Despite GT prefix, this BMW feels far from Gran Turismo, but as quite a compact, lightweight vehicle unencumbered with excessive comfort and sorts of technological bells and whistles as his older tourer brothers R1200RT and K1600GT, the motorcycle.
One thing is when you ride hundreds of kilometers on a straight highway. But it would be much harder to toss such a tourer as K1600GT on middle severity serpentine roads, than a lightweight and fairly short F800GT. Conquering endless turns, slopes and accelerations-decelerations, you especially appreciate a belt drive providing smoothness and continuous rear wheel torque transmission (max 86 Nm) without delays and jerking. Compared with the nervous chain naked F800R equipped with the same engine, the difference is quite noticeable. In addition, the belt is more convenient in journeys because you do not have to lubricate and tighten it.
Row “double” under wide aerodynamic shrouds provides not outstanding but sufficient dynamics at any gear, so that at speeds above cruising one (~140 km/h) you do not always even have to gear down for overtaking. The most popular three gears out of six: the second-third to ride around the city and the sixth for the highways. There’s a speed indicator on the dashboard – you’ll not be confused where and how much to switch.
BMW engineers have found the optimum length of F800GT base: it is compact enough to penetrate across the lanes in traffic jams and generally not to interfere in the city, whereas it is long enough to adhere to a steady course at high speed. This is facilitated by a steering damper offered as the base case. The rigid frame allows fearlessly inclining the bike in corners and keeping it on the straight lines from rearranging on the longitudinal seams and road marking – you do not notice it.
While GT fork is not adjustable, its rear shock spring can be clamped by hand, and electronic ESA system allows changing its rebound force: with a button on the steering wheel, you can change mode from Comfort to Normal or Sport. In Comfort mode, suspension logically becomes softer, so that minor irregularities and roughness of the road become less noticeable. In Sport mode, you can feel every stone, but general bike control improves and the behavior of wheels in particular. “Normal” bounce is something in between. I must say that a difference in the behavior of F800GT in different modes is noticeable in direct proportion to the difference in quality of the road surface and change in the road format. If all the time you ride on the same flat slightly winding road, there is no sense to touch ESA button, except if you are bored. But if the landscape changes frequently from straight to steep switchbacks, or if you go from countryside to a race track through the city and regularly face long pieces of torn asphalt, ESA will make the trip safer and more comfortable.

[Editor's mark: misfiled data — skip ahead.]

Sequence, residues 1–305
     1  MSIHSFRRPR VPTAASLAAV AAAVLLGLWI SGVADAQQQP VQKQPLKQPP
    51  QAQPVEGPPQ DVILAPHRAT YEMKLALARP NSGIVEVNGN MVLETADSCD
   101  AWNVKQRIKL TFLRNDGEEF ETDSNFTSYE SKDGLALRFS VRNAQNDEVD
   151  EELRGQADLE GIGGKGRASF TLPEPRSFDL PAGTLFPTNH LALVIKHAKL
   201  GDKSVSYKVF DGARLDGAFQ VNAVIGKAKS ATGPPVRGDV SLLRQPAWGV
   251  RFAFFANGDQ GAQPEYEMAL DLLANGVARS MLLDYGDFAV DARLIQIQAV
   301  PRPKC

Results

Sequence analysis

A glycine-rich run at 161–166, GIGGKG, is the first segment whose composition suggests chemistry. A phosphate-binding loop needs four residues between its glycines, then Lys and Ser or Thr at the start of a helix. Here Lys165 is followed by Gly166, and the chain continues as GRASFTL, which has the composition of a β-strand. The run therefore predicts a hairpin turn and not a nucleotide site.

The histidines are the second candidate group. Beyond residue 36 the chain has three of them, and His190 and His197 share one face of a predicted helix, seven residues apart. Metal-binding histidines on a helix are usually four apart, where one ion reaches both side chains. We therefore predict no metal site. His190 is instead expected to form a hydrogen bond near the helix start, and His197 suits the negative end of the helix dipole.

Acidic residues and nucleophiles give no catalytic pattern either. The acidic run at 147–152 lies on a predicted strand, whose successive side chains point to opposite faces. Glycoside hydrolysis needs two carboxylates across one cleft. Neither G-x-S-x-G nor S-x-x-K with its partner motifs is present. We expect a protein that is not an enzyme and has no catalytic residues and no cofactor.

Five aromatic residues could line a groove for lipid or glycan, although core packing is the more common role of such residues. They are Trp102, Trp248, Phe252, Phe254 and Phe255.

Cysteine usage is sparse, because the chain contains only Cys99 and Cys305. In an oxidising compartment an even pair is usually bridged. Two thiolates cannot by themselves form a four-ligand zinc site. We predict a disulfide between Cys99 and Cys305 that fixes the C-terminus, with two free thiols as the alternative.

By the way, regarding comfort. Seating on F800GT is standard for this type of bikes and will fit riders of different composition. The seat is medium soft and wide, it is comfortable for 2-3 hours of riding, and then buttocks or a back numbs, it depends. An opportunity to slip back and forth helps a bit, if you ride without a passenger whose seat is all but comfortable than a rider’s one. Anyway, in a couple of full days riding, the buttocks take the shape of a saddle and you stop paying attention to it. Shoulders and legs do not become numb in a long trip, hands are not much tired, but at speeds above 120 km/h you feel slight rattling in the handle bar causing hands to slightly shake thereafter, and sometimes fingers numb while riding. In this context, engine super-economy of 3.5 – 4 liters per 100 km at a speed of 100 – 120 km/h (fuel consumption increases with speed) is to the disfavor of the riders, because “reasonable” stops for refueling are rare, every 3 – 4 hours: we’d most like if motorbike trips were as balanced as BMW F800GT. comments powered by Disqus